Are We Now Seeing Wider Acceptance of Climate Change in Society and Government?
In this article, David B. Grant debates whether we are really seeing wider acceptance of climate change in society and government
Is there such a thing as climate change? The debate over this question has raged for a couple of decades and the answer has been uncertain. For example, on the ‘there is no climate change’ side, the Danish academic Dr Bjørn Lomberg published The Skeptical Environmentalist in 2001, and its main thesis was that many claims and predictions regarding environmental issues are incorrect. Further, former US presidential candidate Rick Santorum told different presenters at Fox News in 2011 that “there is no such thing as global warming” and that he had not accepted the “junk science” behind the whole debate.
On the ‘yes there is climate change’ side the US Environmental Protection Agency (EPA) notes on its website that carbon dioxide (CO2) emissions from fossil fuels has increased 16 times from around 2,500 teragrams per year in 1900 to over 32,000 teragrams in 2008. The increase in CO2 allows heat to build-up in the atmosphere which can then cause large and potentially dangerous shifts in climate and weather. As evidence of heat build-up the EPA further notes that the Earth's average temperature has risen by 1.4°F over the past century and is projected to rise another 2-11.5°F over the next hundred years.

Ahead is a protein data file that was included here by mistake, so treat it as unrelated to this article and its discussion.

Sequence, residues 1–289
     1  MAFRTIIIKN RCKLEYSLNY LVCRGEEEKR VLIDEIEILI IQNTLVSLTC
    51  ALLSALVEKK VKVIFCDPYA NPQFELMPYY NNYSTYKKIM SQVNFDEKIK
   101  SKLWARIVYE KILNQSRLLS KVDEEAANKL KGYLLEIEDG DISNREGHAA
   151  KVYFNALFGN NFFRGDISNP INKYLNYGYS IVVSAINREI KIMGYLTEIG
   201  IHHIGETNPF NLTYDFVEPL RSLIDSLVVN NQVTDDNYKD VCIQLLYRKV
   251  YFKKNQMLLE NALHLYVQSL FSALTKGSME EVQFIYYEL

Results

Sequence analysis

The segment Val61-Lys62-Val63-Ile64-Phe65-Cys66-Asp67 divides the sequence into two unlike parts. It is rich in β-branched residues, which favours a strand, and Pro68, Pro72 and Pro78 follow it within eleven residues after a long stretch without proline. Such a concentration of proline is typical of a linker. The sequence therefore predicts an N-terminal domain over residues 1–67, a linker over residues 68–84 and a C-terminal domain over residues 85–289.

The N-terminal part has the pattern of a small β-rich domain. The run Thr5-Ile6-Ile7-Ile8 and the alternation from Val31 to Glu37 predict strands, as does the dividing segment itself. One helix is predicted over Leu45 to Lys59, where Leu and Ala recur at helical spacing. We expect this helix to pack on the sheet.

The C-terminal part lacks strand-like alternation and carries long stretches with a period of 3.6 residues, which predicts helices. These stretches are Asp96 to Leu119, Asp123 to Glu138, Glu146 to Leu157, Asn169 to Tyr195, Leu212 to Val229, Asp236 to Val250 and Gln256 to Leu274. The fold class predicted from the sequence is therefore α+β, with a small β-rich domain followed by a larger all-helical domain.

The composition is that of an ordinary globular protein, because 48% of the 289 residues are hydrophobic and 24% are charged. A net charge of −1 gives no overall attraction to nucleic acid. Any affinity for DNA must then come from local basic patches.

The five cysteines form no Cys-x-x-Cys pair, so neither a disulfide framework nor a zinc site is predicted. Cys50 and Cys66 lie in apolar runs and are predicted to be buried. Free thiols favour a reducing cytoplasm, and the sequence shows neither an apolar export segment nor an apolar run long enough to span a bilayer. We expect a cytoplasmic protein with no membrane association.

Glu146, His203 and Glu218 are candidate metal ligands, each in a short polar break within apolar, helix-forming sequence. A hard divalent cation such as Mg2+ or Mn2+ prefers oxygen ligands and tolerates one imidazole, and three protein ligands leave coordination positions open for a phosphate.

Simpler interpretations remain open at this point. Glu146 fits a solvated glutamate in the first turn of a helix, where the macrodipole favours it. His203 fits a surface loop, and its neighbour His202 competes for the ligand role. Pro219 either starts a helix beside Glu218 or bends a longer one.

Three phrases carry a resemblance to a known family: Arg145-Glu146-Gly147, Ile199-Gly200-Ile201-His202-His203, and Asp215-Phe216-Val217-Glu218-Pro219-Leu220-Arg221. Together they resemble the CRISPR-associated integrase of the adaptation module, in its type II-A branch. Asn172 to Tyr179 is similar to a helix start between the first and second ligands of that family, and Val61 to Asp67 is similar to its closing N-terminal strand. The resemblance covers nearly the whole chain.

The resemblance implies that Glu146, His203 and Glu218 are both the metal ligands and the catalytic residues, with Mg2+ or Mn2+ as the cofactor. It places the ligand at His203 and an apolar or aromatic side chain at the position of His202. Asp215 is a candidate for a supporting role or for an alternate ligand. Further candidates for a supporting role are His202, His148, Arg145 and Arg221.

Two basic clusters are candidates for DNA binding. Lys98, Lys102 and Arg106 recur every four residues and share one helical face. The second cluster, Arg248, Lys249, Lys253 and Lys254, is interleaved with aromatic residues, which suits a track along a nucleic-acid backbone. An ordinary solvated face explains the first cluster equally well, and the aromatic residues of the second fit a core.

But besides ‘yes’ and ‘no’ there is also a ‘don’t really know’ or ‘unsure’ side who are confused by claim and counter-claim. For example, in 2009 another controversy, dubbed “Climategate” by The Spectator columnist James Delingpole, erupted when e-mails among a group of academics in the Climatic Research Unit at the University of East Anglia were hacked and published, and allegedly arguing that there was an exaggeration of global warming data which ‘pushed’ the theory that man has significantly induced global warming. However, a 2010 House of Commons Science and Technology Select Committee inquiry into the affair found that the scientific reputation of CRU remains intact and that the emails did not challenge a scientific consensus that global warming is occurring and is induced by human activity.
While not a natural scientist, I consider that there is an interactive effect among CO2 and climate change, and societies across the globe, including governments and citizens, need to be serious in investigating and mitigating this issue, particularly in logistics and supply chain management (SCM) activities. The revised edition of our book Sustainable Logistics and Supply Chain Management discusses issues surrounding climate change in the second chapter entitled Science of Sustainability.